- SPIN Rating:8 of 10
Label: Young Money/Cash Money/Universal Republic
Perhaps "Headlines" had you thinking Take Care would be Drake's humble moment. On that relatively upbeat single, he raps, "I might be too strung out on compliments, overdosed on confidence," and, later, expresses appreciation for the fans who told him he "fell off" between his hit 2009 mixtape So Far Gone and his star-packed 2010 debut Thank Me Later. And even though "Headlines" is pretty much a rewrite of a previous hit — the "6 Foot 7 Foot" to "Over" 's "A Milli" — that hardly matters because Drake is consciously lapping himself, returning to the same topic and style with another year of experience, making his conflicted approach to being richer than you just a little more lived-in.
An appropriately absurd cover depicting a despondent Drizzy, five o'clock shadow-sad, looking like a decadent Baba Booey, also foreshadowed a hard, if melodramatic, look in the mirror. Plus, he titled this new one Take Care — so much sweeter than Thank Me Later, right?But on "Over My Dead Body," Take Care's first track, our favorite confused Canadian calculates last year's earnings plus how much he paid in taxes, and chalks the latter up to "you lose some, you win some." All right, look, man, the cash lopped off the end of my paycheck blows too, but the whole idea behind taxes is that by paying them, we all, in the long run, "win some"!
Turns out he didn't mean "take care" in the open-hearted Big Star sense, but as just one more sly, passive-aggressive way of saying, "Fuck you, I'm famous." Drake's got a special gift for figuring out the most unsympathetic thing to say at any moment, damn near daring listeners to hate him. "Niggas with no money act like money isn't everything," coming from a former child star on Thank Me Later's "Up All Night," really smarted. But then, just when you want to throw up your hands, he admits that he's just as in-over-his-head as you are, and suddenly we're implicated in, and captivated by, this gauche complainer's rarefied struggle.
Consider Take Care's subtle stand-out "Look What You've Done," which finds Drake caught up in a bitter argument with what sounds like a painkiller-popping party girl — his version of Danny Brown's "Party All The Time." Turns out he's narrating an intense argument with his sick mother and the song's about the fact that fame provided him with the money to pay for her surgery. "Look What You've Done" ends with a crackling, answering-machine message from his grandmother, reminiscent of the angry, drunken phone call with an ex on "Marvin's Room." Freudian!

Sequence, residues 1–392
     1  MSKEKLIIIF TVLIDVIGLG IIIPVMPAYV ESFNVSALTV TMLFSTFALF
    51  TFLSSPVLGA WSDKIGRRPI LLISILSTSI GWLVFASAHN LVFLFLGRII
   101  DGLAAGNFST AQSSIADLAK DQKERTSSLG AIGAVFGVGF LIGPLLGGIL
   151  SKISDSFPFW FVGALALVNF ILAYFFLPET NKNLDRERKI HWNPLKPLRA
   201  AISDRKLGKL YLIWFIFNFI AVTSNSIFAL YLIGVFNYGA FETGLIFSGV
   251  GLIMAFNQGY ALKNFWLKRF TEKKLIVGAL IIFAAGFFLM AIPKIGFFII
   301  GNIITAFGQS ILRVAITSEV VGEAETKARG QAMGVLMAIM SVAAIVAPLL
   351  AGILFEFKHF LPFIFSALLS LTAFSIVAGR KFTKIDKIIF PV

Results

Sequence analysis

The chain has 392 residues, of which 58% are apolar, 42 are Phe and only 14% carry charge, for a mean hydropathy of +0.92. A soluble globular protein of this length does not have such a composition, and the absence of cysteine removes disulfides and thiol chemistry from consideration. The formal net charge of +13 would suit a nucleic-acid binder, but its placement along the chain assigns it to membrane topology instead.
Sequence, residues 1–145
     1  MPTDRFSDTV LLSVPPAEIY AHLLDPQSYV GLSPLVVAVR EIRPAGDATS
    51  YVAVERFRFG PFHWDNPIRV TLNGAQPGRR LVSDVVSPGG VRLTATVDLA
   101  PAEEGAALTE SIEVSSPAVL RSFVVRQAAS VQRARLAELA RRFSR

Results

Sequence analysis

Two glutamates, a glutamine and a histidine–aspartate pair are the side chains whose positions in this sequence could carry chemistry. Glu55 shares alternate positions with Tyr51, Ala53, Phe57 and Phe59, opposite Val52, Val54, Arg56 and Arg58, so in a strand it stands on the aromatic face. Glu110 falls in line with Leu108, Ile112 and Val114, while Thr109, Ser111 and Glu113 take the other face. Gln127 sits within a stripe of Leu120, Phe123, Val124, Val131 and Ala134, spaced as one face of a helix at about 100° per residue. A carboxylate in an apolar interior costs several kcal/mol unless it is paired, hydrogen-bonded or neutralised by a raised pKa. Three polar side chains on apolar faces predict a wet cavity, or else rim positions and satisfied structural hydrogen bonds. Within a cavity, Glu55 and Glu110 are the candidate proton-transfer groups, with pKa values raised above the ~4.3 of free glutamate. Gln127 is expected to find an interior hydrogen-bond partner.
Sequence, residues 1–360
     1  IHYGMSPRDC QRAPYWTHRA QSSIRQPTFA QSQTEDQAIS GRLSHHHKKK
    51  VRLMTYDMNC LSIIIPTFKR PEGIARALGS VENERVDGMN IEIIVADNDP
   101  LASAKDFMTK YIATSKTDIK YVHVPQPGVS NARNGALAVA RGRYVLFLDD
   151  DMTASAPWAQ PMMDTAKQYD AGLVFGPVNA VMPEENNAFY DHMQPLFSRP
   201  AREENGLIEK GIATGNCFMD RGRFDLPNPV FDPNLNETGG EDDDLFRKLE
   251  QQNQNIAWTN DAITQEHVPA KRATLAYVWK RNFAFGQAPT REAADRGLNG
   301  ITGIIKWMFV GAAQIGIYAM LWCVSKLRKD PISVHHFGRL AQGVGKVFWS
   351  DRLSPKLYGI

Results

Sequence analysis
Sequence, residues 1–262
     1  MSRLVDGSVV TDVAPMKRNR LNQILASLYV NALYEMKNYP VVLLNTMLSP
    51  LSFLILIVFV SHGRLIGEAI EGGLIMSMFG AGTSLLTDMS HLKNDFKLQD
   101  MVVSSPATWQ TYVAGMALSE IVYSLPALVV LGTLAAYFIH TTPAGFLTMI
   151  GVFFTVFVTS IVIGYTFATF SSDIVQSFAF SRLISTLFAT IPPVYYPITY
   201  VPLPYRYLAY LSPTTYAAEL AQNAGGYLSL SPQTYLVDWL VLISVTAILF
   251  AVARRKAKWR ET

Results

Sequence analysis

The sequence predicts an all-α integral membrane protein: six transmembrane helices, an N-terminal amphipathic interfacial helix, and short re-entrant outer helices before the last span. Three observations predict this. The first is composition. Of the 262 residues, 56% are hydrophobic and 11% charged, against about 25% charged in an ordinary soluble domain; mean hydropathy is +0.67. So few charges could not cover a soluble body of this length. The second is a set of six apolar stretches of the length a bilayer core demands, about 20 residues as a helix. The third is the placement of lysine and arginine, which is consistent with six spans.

The best moments here are strange and inspired like that. "Practice" takes Juvenile's "Back That Azz Up" and Weeknd-izes it into a depressed boner-kill dirge about dumb dude discomfort with the fact that, indeed, your girlfriend has fucked other people besides you. But you know what, they don't matter like you because "all those other men were practice." Who else but Drake would think to do this? And who else could make it work?
The only time the almost 80-minute Take Care doesn't work is when it indulges something resembling conventional hip-hop. Lil Wayne and OutKast's André 3000 are off-kilter enough to fit, but a yammering interlude from Kendrick Lamar called "Buried Alive" has no place on a record this patient; the same for Nicki Minaj's typically fervid verse on "Make Me Proud." Surrounded by almost ambient production from Noah "40" Shebib, the Weeknd's Doc McKinney and Illangelo, Jamie xx, and Chase N. Cashe, the rap-gospel banger "Lord Knows," featuring Just Blaze's baroque production and Rick Ross bragging that he's the "only fat nigga in the sauna with Jews," comes off like two delusional fools gassed up on a beat that ain't half as grand as it's supposed to be.
See, Drake's whole deal is how he's perpetually apprehensive about all this fame shit, so blustery event-album concessions don't serve him well. He's at his best mixing nice-guy vulnerability with wounded narcissism — the line "looking for the right way to do the wrong things" from "Lord Knows" should be his epitaph. Throughout Take Care, Drake finds ways turn the douche chills he elicits into a large part of his appeal. The solemn Stevie Wonder harmonica solo on "Doing It Wrong" also helps — so does the album's glowing production, which makes you wanna gobble Vicodin like they're Sweet Tarts. But he's been working hard and thinking even harder, stumbling upon new ways to own his smarmy charm.
On "Doing It Wrong," Drake mutters dorky Dr. Phil-isms, like,"We live in a generation of not being in love" over a sustained synth tone, and somehow makes that sound moving, instead of, well, mad corny. Go back to Thank Me Later after listening to this one and it feels like a bunch of rough demos. With Take Care, Drake has his accelerated Kanye West moment — when a little too much ambition and all the asshole feelings he's got inside coalesce into an insular, indulgent, sad-sack hip-hop epic.